Government Bill puts neighbours at risk - 17 February 2020
The Government has today released a new Bill aimed at improving the lives of tenants.
“One aspect will only make it easier for antisocial tenants to ruin the lives of their neighbours. Another will allow tenants to decide if they will stay at a rental property even if the landlord wants to end the tenancy,” says Andrew King, Executive Officer of the NZ Property Investors’ Federation (NZPIF). “The NZPIF has joined forces with the REINZ in opposing these two aspects of the Bill.”
Proponents of changes to 90-day notice provisions say that landlords are kicking out good tenants for no reason and abolishing this will improve tenants’ security. But why would a landlord kick out a good tenant?
There is always a good reason to issue a 90-day notice. It is often used as a tool of last resort to end a badly performing tenancy. Currently if a tenant is showing antisocial behaviour affecting neighbours, a landlord can end the tenancy without having to reveal which neighbour complained.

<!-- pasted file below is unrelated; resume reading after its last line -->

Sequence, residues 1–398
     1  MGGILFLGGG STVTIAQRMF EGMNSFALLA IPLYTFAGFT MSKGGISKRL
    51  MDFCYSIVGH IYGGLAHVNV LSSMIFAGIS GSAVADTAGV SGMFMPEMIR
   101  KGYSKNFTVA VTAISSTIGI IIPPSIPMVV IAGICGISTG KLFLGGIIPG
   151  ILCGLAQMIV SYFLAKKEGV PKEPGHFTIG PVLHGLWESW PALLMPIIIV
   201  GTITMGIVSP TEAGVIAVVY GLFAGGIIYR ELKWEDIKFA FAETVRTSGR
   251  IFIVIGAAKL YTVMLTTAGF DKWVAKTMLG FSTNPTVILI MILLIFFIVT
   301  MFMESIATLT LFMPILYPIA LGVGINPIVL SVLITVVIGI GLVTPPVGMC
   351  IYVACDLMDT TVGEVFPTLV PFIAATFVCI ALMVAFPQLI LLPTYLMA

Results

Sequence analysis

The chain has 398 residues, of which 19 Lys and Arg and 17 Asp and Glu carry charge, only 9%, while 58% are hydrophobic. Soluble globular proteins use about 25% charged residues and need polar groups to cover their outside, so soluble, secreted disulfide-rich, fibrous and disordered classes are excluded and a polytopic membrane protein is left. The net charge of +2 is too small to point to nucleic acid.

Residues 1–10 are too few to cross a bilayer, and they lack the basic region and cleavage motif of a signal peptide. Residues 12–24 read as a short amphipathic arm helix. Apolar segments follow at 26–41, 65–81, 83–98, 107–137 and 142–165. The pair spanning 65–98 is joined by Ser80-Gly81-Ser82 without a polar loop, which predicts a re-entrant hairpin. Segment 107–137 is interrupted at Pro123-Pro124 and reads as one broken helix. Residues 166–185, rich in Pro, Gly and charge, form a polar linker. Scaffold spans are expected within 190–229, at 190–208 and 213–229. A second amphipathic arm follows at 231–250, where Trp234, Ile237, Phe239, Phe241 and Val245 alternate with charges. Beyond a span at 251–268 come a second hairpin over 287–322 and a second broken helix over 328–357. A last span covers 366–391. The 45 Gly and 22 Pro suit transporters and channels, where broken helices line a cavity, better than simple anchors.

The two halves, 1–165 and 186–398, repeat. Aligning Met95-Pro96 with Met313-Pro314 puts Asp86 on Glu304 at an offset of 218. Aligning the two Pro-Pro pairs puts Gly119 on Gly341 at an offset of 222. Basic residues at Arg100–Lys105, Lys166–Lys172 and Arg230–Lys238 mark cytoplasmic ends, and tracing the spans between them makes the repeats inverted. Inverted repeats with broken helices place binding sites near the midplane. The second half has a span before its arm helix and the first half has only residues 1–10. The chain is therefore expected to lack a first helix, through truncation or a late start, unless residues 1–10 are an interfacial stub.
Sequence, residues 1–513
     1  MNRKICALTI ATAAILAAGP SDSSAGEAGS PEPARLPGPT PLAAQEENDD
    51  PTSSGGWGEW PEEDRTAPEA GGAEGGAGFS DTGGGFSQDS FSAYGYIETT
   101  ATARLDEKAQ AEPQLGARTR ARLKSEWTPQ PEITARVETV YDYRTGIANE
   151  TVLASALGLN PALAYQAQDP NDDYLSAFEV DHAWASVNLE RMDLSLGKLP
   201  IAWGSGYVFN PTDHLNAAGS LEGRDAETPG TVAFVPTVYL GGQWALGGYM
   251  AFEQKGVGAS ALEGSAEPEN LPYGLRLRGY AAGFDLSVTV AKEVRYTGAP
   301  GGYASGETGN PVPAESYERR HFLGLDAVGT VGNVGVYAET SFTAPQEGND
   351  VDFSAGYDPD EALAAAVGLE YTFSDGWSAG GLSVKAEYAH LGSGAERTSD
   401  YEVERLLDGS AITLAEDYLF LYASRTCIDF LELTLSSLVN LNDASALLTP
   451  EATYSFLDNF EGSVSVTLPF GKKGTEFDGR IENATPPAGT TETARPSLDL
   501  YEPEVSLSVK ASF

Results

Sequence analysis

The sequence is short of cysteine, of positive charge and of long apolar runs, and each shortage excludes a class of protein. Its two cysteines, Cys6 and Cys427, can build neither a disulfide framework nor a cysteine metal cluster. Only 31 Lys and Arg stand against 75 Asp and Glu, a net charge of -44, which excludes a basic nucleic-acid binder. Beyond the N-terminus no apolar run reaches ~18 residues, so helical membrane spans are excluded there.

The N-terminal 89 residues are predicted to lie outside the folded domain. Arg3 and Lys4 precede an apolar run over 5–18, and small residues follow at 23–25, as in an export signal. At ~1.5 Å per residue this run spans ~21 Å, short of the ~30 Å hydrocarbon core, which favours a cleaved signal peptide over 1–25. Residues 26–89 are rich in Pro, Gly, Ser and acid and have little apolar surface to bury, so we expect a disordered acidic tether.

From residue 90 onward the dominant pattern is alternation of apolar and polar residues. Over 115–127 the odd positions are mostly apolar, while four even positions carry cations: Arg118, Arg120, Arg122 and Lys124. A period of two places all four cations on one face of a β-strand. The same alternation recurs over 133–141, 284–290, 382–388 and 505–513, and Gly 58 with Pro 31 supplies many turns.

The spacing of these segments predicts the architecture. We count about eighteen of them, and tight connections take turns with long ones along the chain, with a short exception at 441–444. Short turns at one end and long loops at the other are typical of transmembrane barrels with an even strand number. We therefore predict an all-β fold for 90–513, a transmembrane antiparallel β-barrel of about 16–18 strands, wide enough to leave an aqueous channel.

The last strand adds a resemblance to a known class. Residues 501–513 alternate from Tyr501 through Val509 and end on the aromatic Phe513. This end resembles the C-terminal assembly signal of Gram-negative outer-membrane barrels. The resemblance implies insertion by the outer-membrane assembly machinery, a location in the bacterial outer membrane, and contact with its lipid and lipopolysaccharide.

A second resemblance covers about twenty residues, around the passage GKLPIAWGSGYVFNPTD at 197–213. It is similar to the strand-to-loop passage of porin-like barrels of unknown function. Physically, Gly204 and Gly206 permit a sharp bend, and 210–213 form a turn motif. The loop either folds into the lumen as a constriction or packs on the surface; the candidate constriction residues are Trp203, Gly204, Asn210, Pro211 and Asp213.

Under the new Bill, neighbours will have to complain three times about antisocial behaviour. They then have to put themselves at further risk by providing evidence that the landlord can use at the Tenancy Tribunal to get permission to issue a 90-day notice for the tenancy to end.
Rather than provide security of tenure for all tenants, this Bill improves security for the few antisocial tenants.
While many people believe that this Bill only affects landlords and tenants, it actually affects those who live next door or might, at some stage, live next door to antisocial tenants.
Another aspect of the Bill gives tenants the power to stay on in their rental at the end of a fixed term tenancy, even if the landlord doesn’t want this to happen.
This will have a major impact on student rentals, often organised in the middle of the year for the following year, and on marginal tenants.
Landlords will often offer risky tenants a fixed term tenancy of six months or a year to give them a go. If it works out then the tenancy continues, but if the tenant behaves badly then the tenancy can stop at the end of the fixed term. If this Bill becomes law, the tenant will be able to override the landlord and continue living in the property.
A number of our members have said that they are no longer likely to use the fixed term tenancy option and would rather keep their rental empty than take on a risky tenant.
Instead of implementing these two measures, the NZ Property Investors’ Federation has suggested a new long term tenancy based on the German tenancy model. This would offer true security to all tenants rather than just antisocial ones.